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When T-Lazy-7 Ranch snowmobile driver Charles Chisholm arrives at a favorite scenic spot near the Maroon Bells mountain formation, one of Colorado's most-photographed scenes, outside Aspen, he enjoys feeding wild birds, not from a bird feeder but by hand. This is a gray jay, a songbird native to the American Rockies and colder reaches of Canada. In warmer seasons, these crafty birds store food for the winter in the crooks of trees. This one, thanks to Charles Chisholm, perhaps less than other jays in the valley

When T-Lazy-7 Ranch snowmobile driver Charles Chisholm arrives at a favorite scenic spot near the Maroon Bells mountain formation, one of Colorado's most-photographed scenes, outside Aspen, he enjoys feeding wild birds, not from a bird feeder but by hand. This is a gray jay, a songbird native to the American Rockies and colder reaches of Canada. In warmer seasons, these crafty birds store food for the winter in the crooks of trees. This one, thanks to Charles Chisholm, perhaps less than other jays in the valley

 
 
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Credit line: Gates Frontiers Fund Colorado Collection within the Carol M. Highsmith Archive, Library of Congress, Prints and Photographs Division.
Gift; Gates Frontiers Fund; 2015; (DLC/PP-2015:068).
Forms part of: Gates Frontiers Fund Colorado Collection within the Carol M. Highsmith Archive.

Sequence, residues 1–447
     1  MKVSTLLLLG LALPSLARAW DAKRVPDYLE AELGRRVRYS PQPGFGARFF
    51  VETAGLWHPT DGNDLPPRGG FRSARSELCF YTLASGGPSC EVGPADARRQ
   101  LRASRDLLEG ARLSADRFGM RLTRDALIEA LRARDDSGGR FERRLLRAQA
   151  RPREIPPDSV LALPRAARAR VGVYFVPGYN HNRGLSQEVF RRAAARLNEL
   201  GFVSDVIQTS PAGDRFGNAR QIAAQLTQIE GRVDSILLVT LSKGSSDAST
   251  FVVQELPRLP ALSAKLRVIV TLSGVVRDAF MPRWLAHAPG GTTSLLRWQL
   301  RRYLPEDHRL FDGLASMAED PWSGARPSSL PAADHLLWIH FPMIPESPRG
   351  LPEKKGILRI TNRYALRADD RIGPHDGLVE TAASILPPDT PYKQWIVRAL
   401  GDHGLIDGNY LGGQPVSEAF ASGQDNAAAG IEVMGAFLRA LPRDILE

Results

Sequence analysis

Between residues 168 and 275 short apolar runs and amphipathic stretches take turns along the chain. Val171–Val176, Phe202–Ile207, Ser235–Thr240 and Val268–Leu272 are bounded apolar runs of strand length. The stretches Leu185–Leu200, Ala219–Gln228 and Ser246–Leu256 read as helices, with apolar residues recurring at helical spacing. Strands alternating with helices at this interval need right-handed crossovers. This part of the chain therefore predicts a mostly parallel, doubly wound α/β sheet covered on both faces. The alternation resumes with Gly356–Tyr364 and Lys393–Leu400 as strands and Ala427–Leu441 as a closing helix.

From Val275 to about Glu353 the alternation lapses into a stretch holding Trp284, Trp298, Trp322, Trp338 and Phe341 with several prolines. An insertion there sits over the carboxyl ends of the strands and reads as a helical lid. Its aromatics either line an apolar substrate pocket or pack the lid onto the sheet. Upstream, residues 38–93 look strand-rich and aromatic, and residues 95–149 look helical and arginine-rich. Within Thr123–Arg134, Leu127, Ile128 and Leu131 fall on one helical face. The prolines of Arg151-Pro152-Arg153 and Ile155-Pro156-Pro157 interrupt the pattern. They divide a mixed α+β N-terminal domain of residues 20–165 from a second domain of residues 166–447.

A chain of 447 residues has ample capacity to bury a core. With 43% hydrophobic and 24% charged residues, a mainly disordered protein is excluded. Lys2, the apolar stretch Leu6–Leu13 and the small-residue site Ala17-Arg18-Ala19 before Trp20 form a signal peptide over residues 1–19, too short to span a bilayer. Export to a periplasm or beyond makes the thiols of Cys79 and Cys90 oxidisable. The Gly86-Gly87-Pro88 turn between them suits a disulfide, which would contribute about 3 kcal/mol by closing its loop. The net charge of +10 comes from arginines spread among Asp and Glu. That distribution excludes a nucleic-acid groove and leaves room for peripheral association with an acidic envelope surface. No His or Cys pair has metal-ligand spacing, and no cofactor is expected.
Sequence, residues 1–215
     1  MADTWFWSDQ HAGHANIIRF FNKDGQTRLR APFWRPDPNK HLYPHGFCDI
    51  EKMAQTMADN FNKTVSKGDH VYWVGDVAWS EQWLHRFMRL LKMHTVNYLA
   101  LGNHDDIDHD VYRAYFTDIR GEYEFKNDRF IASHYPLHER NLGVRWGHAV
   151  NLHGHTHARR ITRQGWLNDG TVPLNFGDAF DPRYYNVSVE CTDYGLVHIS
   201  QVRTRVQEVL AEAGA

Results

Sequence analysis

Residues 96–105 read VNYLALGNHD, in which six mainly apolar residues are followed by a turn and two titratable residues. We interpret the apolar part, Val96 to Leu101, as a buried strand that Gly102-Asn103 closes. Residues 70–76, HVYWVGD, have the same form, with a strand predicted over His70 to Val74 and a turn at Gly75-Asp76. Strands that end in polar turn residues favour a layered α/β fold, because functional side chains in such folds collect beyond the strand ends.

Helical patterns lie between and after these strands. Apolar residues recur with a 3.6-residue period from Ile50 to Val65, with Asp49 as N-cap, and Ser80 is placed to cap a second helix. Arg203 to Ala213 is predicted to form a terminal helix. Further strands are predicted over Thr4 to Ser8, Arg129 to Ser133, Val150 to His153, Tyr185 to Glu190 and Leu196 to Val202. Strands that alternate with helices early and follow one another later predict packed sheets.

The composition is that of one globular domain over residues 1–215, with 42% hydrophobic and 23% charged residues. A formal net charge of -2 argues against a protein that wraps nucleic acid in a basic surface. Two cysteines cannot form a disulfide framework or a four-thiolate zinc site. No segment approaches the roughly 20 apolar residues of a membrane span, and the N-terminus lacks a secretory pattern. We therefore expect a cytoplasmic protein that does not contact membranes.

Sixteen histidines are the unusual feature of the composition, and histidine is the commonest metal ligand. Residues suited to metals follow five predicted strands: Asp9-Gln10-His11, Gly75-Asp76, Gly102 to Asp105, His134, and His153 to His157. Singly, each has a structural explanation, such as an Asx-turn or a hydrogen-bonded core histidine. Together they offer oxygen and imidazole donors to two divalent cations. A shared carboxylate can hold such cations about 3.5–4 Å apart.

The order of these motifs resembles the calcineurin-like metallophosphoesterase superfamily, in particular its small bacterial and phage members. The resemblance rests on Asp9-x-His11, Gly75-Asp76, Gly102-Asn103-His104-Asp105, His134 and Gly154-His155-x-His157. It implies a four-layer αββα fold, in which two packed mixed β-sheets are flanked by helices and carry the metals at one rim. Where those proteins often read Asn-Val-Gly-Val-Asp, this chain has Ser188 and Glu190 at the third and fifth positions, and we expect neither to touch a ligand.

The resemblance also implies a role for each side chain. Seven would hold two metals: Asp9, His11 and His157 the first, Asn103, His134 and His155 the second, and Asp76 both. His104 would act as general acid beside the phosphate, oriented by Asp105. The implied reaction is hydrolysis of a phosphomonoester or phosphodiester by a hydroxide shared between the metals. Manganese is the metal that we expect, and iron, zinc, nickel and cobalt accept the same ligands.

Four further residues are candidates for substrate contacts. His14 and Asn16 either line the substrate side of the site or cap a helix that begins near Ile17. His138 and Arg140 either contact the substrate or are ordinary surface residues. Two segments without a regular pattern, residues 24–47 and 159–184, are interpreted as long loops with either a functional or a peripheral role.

In 2015, documentary photographer Carol Highsmith received a letter from Getty Images accusing her of copyright infringement for featuring one of her own photographs on her own website. It demanded payment of $120. This was how Highsmith came to learn that stock photo agencies Getty and Alamy had been sending similar threat letters and charging fees to users of her images, which she had donated to the Library of Congress for use by the general public at no charge. In 2016, Highsmith has filed a $1 billion copyright infringement suit against both Alamy and Getty stating “gross misuse” of 18,755 of her photographs. “The defendants [Getty Images] have apparently misappropriated Ms. Highsmith’s generous gift to the American people,” the complaint reads. “[They] are not only unlawfully charging licensing fees … but are falsely and fraudulently holding themselves out as the exclusive copyright owner.” According to the lawsuit, Getty and Alamy, on their websites, have been selling licenses for thousands of Highsmith’s photographs, many without her name attached to them and stamped with “false watermarks.” (more: http://hyperallergic.com/314079/photographer-files-1-billion-suit-against-getty-for-licensing-her-public-domain-images/)

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01/01/2016
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aspen
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Library of Congress
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